An overflow crowd gathered Monday night at Cardinal Gibbons… (Baltimore Sun photo by Gene…)
Facing a sea of red Monday night in the auditorium of the Cardinal Gibbons School, Bishop Denis J. Madden offered a glimmer of hope to students, parents and alumni distraught about plans to shut the high school down at the end of the academic year.
Parent Chris Stark, father of a junior, had asked whether the Archdiocese of Baltimore would consider charging the Cardinal Gibbons community a minimal rent and allowing the Southwest Baltimore landmark to reopen as an independent Catholic school.
"All kinds of options are being considered," Madden told the standing-room-only crowd, to thunderous applause.
"He really opened a door there," said local broadcaster Keith Mills, whose son, Nicholas, is president of the National Honor Society.
Students, parents and alumni packed auditoriums at three Catholic high schools Monday night, their first opportunity to confront church officials since Archbishop Edwin F. O'Brien announced plans last week to close 13 schools at the end of the academic year. O'Brien did not attend any of the meetings, which began simultaneously at Cardinal Gibbons, Catholic High School and Mount St. Joseph High School. A spokesman cited a scheduling conflict.
Supporters clad in red, the school color at Cardinal Gibbons, filled the rows and stood four and five deep at the back of an auditorium that seats 800. Stark was deputized by the community to ask questions of Madden and other archdiocesan officials.
He asked one question several different ways: How much money would the school have to raise to stay open? Officials responded the same way each time: It's not a dollar issue. It's an enrollment issue.
"The problem is that there is less of a demand for seats," said Mark Pacione, of the archdiocesan planning office. "We cannot control that."
Facing rising costs and declining enrollments, the archdiocese plans to close Cardinal Gibbons and 12 grade schools in June as part of a larger reorganization church officials say is necessary to keep the system of 22,700 students viable. They say the consolidation will displace 2,152 students and 325 administrators, teachers and staff.
O'Brien has pledged a spot for each student at a different school, but some workers are expected to lose their jobs.
The meetings were part of a communication campaign that they hope will keep the families of displaced students in the archdiocesan schools. Monsignor Bob Hartnett, who headed the reorganization effort, said last week he would consider it a success if three-quarters of the displaced students enrolled in another archdiocesan school in September.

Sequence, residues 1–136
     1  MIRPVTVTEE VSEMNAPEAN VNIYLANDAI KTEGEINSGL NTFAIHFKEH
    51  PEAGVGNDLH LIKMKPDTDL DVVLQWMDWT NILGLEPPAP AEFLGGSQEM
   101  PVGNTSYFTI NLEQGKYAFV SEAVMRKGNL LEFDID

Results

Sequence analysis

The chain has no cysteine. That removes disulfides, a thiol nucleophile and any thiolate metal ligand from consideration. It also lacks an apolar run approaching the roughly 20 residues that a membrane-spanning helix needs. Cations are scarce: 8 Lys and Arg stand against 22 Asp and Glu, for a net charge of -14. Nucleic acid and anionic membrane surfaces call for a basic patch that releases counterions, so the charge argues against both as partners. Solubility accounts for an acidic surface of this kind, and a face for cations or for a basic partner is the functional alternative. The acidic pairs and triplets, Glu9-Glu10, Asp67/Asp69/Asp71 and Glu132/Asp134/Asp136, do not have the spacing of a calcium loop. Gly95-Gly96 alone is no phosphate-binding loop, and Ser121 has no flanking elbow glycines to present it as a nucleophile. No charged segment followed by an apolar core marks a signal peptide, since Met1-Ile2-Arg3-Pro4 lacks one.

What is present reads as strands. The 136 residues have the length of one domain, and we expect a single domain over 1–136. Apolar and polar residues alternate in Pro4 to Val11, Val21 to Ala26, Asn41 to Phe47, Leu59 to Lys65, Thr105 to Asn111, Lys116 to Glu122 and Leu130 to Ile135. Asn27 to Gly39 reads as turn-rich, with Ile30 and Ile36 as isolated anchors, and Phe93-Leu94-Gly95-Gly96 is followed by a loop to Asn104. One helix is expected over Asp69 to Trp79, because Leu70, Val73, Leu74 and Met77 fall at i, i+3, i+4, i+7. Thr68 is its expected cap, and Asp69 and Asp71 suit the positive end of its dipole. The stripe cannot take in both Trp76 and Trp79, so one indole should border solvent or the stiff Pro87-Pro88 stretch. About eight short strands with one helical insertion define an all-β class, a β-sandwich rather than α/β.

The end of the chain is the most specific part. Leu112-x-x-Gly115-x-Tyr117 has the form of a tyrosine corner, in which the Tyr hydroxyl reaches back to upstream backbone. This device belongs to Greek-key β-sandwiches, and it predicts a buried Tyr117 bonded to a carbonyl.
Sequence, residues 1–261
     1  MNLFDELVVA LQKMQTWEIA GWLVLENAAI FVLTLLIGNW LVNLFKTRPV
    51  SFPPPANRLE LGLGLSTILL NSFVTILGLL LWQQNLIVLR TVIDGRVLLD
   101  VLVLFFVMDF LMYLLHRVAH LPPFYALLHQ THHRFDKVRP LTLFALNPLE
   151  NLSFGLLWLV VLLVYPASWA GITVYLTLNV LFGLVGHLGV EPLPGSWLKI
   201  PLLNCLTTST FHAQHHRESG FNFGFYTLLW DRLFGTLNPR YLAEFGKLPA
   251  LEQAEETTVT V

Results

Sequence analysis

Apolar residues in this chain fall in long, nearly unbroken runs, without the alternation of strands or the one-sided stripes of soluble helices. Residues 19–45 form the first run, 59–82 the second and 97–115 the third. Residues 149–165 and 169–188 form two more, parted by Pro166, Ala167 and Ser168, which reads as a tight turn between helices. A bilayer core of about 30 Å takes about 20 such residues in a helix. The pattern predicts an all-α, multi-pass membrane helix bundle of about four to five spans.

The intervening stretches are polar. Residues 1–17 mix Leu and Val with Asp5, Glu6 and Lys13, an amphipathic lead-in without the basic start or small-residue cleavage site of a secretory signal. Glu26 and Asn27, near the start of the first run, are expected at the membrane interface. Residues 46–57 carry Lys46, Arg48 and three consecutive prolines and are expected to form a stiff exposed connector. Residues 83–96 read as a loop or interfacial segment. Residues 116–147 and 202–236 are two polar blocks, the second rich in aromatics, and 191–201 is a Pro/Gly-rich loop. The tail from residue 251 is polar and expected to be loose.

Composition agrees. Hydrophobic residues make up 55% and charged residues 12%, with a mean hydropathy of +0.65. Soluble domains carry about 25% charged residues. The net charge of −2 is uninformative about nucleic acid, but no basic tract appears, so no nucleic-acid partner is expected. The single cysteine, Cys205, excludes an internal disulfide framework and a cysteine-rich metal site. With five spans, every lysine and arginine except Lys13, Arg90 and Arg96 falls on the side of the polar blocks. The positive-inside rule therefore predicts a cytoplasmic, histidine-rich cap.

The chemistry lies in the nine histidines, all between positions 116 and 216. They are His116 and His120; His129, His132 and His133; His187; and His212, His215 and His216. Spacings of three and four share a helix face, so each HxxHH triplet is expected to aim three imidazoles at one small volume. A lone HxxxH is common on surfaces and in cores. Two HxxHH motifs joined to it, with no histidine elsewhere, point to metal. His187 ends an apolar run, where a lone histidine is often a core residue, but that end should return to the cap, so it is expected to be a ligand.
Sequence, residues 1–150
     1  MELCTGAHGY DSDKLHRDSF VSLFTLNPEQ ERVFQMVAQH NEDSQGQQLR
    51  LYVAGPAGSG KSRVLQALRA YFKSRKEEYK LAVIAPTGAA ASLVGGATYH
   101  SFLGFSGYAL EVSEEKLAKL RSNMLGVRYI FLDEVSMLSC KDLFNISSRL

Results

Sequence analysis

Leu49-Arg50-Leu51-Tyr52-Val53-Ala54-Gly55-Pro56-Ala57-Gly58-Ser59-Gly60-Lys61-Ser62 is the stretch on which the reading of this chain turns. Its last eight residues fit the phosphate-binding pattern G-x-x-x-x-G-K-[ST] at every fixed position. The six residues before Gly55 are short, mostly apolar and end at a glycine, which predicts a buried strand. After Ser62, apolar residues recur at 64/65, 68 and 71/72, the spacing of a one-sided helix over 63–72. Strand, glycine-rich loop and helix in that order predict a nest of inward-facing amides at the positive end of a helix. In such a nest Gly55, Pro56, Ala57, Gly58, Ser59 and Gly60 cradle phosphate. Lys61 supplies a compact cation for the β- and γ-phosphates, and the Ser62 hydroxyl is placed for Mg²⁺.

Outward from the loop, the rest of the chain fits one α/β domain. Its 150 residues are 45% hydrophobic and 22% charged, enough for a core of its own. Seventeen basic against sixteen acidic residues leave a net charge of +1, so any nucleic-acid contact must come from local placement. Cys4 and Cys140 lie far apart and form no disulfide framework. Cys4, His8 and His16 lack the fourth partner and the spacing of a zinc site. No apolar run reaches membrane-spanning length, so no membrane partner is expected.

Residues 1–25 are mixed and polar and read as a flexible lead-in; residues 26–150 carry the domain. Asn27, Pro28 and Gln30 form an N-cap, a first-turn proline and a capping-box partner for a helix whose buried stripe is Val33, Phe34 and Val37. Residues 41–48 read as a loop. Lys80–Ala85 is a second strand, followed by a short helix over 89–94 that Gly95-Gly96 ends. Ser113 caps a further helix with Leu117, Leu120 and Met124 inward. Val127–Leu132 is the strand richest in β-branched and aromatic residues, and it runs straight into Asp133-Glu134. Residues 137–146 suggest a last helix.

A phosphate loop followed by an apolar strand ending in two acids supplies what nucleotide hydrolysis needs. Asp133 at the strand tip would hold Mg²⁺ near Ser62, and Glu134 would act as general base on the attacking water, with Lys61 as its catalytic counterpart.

More than 200 people filled the auditorium at Catholic High, an independent school unaffected by the closings. The meeting began with a prayer and, while boisterous at times, remained mostly respectful. Parents repeatedly expressed their love for their chosen schools, and delight with their children's progress.
But they also expressed worry about what lay ahead, and anger and suspicion about the system's motives and priorities in the closure process. When officials asked for their trust, parents shouted "No!"
Many had particular concern for the fate of the Pride programs for special-needs children at two of the elementary schools slated for closing.
Shannon Brown, 36, of Charles Village has children in first and second grades at Sacred Heart of Mary School in Graceland Park. Her autistic son, Michael, 6, is in the program.
"We struggled for so many years to find the proper placement for Michael," she said. "The city had him in the Forbush School, which wasn't the right fit for him. Sacred Heart of Mary is just fantastic. ... They loved him, and took care of him and nurtured him, and I don't know what we're going to do now."
Mary Ellen Fise, a member of the archdiocesan consolidation committee, tried to reassure Pride parents that the system is committed to serving special-needs children, and that the program will be sustained and expanded to four schools. "We believe in the program, and there will be capacity for more teachers in that program," she said.
But she said the decisions are still several weeks away and could not satisfy parents worried about whether they would be able to transport their children to the new locations.
Other parents asked why they archdiocese targeted the schools they did, pointing out that east-side schools had predominantly African-American enrollments.
"I would like to know, 'Why those schools? Why those neighborhoods? Why those children?' " said Camille Burke, 39, of Park Heights in Northwest Baltimore. She said she is a graduate of Baltimore Catholic schools and college, and drives her 10-year-old daughter, Akira Tisdale, 10 miles each day to Mother Mary Lange, in Northeast Baltimore because "I want her to have the same education and exposure I did."
Mary Jo Hudson, an assistant superintendent of archdiocesan schools, said declining enrollments, school debt, and rising costs for faculty and facilities in the northeast schools "make it hard to keep a school open."
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